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Overbeck is bright spot among struggling offense

Published May 01. 2012 05:01PM

One of the emerging story lines of the 2012 season is undoubtedly the inconsistency of the offense.

The IronPig run production has been horrendous as they have only scored 16 total runs in their 11 losses. To make things worse, they have not scored any runs past the fourth inning in 13 of their 24 games.

Lehigh Valley does have 13 wins and that is due to the outstanding pitching and just enough hitting.

The contrasting start to the season can be seen in the play of prospect Cody Overbeck and MLB veteran Kevin Frandsen.

One of the bright spots in the offense is Overbeck. Lehigh Valley's first baseman has been getting work, and now innings, at his former position (3B) and has been the stalwart in the center of the Lehigh Valley lineup.

Overbeck finished up the series with the Yankees over the weekend with three straight multiple-hit games to raise his average to .313. He leads the IronPigs in RBI (14) and is tied for the team lead in doubles and homers.

"He's got a real nice approach to home plate, swinging at strikes and laying off the bad balls," manager Ryne Sandberg said. "He's earned the right to be in the five spot, swinging the bat that he is. It's good to see."

In Sunday's loss, Overbeck shifted from his usual position at first to third base, a position he regularly played in Reading

"We've got him over at third base, he's been taking ground balls there," Sandberg said. "I think it's a nice option for him as a right-handed hitter to be able to play first and third. I think it's a nice combo for him. It will add some versatility to his resume."

Sandberg describes Overbeck's swing as fundamentally basic, short and compact. With the mechanics down he now has the time focus on other things at the plate.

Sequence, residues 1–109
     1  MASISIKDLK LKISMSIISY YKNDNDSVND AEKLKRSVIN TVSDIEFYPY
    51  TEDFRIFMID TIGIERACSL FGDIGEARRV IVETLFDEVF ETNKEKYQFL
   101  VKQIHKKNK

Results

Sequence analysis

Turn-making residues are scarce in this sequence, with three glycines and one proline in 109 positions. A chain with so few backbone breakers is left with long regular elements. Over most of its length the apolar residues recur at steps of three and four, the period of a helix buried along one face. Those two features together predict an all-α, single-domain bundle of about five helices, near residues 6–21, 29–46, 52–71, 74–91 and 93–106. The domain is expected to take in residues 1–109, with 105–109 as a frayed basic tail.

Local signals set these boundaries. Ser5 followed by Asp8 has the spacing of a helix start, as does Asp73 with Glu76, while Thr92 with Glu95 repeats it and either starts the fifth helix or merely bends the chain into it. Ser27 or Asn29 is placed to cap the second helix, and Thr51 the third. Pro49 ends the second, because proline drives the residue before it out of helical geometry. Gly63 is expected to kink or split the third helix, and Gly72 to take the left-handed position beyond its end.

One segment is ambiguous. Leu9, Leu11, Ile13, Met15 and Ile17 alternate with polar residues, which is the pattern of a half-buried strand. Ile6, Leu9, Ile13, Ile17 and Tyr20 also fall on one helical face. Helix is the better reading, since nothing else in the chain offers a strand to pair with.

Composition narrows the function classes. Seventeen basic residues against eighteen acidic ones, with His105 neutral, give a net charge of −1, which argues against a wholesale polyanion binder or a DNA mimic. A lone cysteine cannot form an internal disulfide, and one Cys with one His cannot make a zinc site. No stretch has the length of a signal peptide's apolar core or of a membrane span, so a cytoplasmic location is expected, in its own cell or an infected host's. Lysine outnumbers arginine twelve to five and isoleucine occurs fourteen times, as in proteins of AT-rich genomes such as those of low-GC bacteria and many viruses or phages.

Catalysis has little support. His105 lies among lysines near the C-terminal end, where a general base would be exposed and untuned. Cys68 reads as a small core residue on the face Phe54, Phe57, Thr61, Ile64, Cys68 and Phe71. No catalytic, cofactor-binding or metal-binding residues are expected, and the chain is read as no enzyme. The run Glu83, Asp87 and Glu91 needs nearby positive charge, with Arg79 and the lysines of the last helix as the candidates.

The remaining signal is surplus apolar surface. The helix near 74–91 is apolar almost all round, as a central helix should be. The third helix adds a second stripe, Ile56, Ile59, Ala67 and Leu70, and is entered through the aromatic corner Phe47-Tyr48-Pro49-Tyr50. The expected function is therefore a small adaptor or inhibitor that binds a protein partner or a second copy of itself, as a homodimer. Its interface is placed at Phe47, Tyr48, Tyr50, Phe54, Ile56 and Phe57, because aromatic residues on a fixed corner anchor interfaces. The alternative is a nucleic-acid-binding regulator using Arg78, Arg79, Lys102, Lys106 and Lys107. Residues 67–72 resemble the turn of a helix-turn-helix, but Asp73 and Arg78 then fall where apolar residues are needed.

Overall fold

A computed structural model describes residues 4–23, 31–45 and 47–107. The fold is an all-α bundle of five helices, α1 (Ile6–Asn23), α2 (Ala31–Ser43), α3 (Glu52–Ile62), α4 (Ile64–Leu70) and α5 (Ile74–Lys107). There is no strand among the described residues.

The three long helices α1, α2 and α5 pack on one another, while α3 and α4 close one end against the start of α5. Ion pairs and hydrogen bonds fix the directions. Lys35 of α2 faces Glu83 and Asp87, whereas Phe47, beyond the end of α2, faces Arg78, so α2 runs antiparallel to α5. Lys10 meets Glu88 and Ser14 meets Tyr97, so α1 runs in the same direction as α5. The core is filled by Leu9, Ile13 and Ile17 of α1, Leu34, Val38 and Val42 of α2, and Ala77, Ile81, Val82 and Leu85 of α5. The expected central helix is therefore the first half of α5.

"The first two-and-a-half weeks he was driving the ball to right-centerfield," Sandberg said. "Now he's turning on balls and making adjustments. He's doing a nice job."

Frandsen, on the other hand, has struggled from the outset. As a career .243 hitter in his five big league season in San Francisco and Los Angeles, the utility infielder started the season without a hit in his first 20 at-bats.

His start typifies the majority of the team: There has been a great amount of contact with very little to show for it. Offensive struggles usually include poor at-bats with a lot of swings and many misses. Lehigh Valley is leading the league with the fewest strikeouts by batters.

"Guys are making great contact and they are making line-drive outs," Frandsen explains.

During Sunday's 8-2 loss to Scranton/WB, the IronPig bats scorched Yankee pitching with line drives to all fields. Most of them found the netting of Yankee gloves that killed potential IronPig rallies.

Meanwhile the Yanks bled Lehigh Valley slowly with seeing-eye singles, bloops, and broken bat hits.

Is it frustrating?

"Personally, yeah," Frandsen said. "It's not like I'm giving away at-bats. When you see the other team [eek] out a hit or break a bat it's like 'you gotta be kidding me'. But I am a firm believer that I'll battle hard and things will come out right."

At this point last season, the IronPigs hovered at or just below .500. At 13-11, the IronPigs are still better to this point. The problem that looms are the expectations that come with having a successful season like last year.

"It's going to come. We keep saying it's so early, but it is. You can't force things. We are putting up good at-bats," Frandsen said.


Lehigh Valley reliever Raul Valdes is catching the eye of Ryne Sandberg. The lefty had a rough outing early on but has been stellar for the IronPigs since. After his 3.1 scoreless innings pitched last Friday night, Valdes has a 6.2 scoreless innings streak.

"He's been on a steady streak where he's pitched multiple innings. He's been effective," Sandberg said.

If you take away his Pawtucket outing on April 10 where Vades gave up five runs in one inning of work, his ERA is zero through 13.1 innings pitched. In those 13.1 innings he has given up 10 hits and walked none.

"There is something about him that hitters haven't been able to pick up," Sandberg said. "He's a guy who in cold weather, goes out there in short sleeves and establishes a strike zone. I've been impressed with him."

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